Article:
Study shows heart biopsy possible via arm catheterization
Heart biopsies, which are typically performed via catheterization through the groin or neck, are possible and may cause less discomfort for patients when performed through a vein in the wrist, according to a study by Penn State Cardiovascular Center specialists.

University of Colorado tissue engineer to receive NSF's coveted Waterman Award
If the name Kristi Anseth hasn't yet reached our collective consciousness, just wait.

Researchers describe long-perplexing 'magic spot' on bacteria
Scientists have unraveled the behavior of one key component of bacteria, a finding that may lead to better, more effective antibiotics.

Spinal disc repair start-up orthonics receives funding from Viscogliosi Brothers, LLC
Orthonics, Inc., an Atlanta start-up company developing new biomaterials for spinal disc repair and regeneration, has received initial funding from Viscogliosi Brothers, LLC, a New York-based closely held venture capital/private equity and merchant banking firm focused on the musculoskeletal/orthopedics industry.

Genetic signature may predict recurrence in colon cancer patients
Researchers have identified a new marker that may accurately predict which Dukes' B (Stage II) colon cancer patients are at higher risk of recurrence.

Science in the clouds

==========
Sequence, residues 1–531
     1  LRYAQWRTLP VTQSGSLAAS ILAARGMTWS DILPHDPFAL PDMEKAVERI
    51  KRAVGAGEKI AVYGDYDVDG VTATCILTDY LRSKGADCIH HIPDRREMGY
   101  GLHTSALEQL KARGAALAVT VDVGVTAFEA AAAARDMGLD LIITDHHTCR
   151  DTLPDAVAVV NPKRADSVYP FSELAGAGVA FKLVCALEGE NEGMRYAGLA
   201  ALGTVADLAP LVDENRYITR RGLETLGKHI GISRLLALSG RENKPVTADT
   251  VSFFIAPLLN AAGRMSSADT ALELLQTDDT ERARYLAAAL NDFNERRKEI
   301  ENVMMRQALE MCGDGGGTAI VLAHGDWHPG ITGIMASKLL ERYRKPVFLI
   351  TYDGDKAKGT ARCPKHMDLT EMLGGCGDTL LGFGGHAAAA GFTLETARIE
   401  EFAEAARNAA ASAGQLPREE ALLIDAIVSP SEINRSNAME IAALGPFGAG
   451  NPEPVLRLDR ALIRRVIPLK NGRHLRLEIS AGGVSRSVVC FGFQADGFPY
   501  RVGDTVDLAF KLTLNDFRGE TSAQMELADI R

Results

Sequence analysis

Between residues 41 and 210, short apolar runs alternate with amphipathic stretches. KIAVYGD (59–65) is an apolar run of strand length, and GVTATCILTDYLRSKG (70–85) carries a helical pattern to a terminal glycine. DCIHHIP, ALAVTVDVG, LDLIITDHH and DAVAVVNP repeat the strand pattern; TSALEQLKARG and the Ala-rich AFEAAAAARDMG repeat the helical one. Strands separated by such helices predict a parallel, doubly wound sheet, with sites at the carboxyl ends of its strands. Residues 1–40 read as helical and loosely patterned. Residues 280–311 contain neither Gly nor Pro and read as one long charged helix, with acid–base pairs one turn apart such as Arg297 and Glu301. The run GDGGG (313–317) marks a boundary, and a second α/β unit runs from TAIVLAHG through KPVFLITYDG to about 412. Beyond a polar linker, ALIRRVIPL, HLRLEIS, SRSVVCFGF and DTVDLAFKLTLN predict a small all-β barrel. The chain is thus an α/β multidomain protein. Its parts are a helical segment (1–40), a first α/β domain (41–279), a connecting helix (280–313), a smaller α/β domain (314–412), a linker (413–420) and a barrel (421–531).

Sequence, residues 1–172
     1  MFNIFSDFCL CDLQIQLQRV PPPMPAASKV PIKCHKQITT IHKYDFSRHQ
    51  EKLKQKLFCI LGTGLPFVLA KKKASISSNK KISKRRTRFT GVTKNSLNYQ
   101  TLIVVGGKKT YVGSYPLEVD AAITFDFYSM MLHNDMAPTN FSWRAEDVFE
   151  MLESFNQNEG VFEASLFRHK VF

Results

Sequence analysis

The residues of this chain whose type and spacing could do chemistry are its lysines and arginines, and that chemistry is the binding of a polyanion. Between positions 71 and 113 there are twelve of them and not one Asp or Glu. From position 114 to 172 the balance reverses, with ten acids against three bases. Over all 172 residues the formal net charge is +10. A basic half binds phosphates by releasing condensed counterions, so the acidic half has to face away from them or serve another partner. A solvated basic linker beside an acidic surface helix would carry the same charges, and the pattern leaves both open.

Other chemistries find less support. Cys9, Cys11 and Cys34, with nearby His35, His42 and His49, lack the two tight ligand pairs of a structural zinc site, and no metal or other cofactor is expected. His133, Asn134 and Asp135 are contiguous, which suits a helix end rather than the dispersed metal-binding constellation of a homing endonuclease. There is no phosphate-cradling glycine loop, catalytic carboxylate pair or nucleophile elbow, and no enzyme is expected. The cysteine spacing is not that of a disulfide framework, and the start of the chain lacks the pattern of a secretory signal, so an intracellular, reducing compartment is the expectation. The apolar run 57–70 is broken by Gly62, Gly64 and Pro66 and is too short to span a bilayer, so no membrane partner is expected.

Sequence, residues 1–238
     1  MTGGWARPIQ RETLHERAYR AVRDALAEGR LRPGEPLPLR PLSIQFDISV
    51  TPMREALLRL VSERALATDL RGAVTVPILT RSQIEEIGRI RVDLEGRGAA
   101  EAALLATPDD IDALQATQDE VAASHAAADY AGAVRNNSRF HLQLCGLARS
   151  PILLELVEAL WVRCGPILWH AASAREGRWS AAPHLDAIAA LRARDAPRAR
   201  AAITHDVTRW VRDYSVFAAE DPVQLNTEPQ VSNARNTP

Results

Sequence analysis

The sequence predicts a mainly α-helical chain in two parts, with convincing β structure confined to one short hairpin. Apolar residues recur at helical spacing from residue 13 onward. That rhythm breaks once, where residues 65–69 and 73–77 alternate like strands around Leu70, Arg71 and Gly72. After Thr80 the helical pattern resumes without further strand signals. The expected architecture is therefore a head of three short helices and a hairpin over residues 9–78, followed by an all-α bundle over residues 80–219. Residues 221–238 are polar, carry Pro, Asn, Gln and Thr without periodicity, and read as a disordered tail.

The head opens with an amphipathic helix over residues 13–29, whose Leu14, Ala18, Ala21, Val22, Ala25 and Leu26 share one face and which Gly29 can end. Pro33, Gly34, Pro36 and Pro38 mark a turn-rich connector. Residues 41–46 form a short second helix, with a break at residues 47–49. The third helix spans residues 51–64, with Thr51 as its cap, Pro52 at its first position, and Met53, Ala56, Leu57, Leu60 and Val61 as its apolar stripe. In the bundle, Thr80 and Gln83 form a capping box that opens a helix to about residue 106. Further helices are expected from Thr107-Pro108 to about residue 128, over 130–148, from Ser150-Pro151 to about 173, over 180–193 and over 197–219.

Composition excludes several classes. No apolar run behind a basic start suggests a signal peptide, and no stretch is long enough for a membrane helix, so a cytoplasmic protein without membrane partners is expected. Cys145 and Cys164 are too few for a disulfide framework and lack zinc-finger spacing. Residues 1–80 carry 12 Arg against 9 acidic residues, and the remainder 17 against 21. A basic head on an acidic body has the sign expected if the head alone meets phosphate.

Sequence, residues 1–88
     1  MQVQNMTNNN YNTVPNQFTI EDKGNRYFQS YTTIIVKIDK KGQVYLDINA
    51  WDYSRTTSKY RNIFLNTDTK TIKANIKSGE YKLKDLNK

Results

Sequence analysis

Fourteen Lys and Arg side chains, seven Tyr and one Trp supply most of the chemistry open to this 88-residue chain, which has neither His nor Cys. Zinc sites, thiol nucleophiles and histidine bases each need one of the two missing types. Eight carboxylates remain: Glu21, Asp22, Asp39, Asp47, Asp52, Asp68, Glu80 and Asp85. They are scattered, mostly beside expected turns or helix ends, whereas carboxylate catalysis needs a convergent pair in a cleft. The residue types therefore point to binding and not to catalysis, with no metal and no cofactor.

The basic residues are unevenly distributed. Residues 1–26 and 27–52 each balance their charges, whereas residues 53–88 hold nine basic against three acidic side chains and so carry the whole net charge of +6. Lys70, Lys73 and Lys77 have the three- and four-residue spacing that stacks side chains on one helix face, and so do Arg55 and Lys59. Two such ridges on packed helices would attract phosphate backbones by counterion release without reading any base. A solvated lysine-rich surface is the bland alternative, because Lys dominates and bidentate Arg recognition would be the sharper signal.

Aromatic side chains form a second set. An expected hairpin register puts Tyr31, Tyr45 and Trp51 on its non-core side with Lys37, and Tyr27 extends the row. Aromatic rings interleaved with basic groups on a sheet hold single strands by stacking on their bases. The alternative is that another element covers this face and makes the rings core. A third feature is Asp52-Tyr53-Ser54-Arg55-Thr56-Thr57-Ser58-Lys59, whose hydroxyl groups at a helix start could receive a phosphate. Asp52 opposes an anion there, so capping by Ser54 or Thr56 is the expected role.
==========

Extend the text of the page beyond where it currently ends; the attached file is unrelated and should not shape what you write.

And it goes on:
University of Utah meteorologists are using a NASA research jet to examine icy, wispy cirrus clouds high in the atmosphere - a study aimed at determining how much the clouds warm Earth's climate and how much they cool it.

HIV transmission is heightened during acute infection
Heterosexual intercourse during periods of acute HIV infection may account for a substantial amount of transmission of the virus, according to a study published in the May 15 issue of The Journal of Infectious Diseases, now available online.

Virginia Center for Coal and Energy Research helps implement global climate change initiative
The Virginia Center for Coal and Energy Research at Virginia Tech is leading an interdisciplinary coalition to identify potential carbon sequestration sinks within Virginia as part of the DOE Southeast Regional Carbon Sequestration Partnership project.

NASA-inspired technology may help preserve women's future fertility after cancer treatment
Using technology borrowed from NASA, scientists at the University of Pittsburgh have taken the first steps toward successfully preserving ovarian tissue from rats and mice in culture, according to a study in the current issue of the journal Tissue Engineering.

Cells from adult bone marrow can be converted into brain stem cells for transplantation
Research that will be presented at the American Academy of Neurology 56th Annual Meeting in San Francisco shows that cells taken from adult human bone marrow can be converted into brain stem cells that meet the criteria for transplantation into the brain.

PTC Therapeutics' researchers identify biochemical pathway important for modulating cell growth
Researchers from PTC Therapeutics identified in humans an enzyme complex underlying the metabolism of tRNA and mRNA, two components of cell proliferation.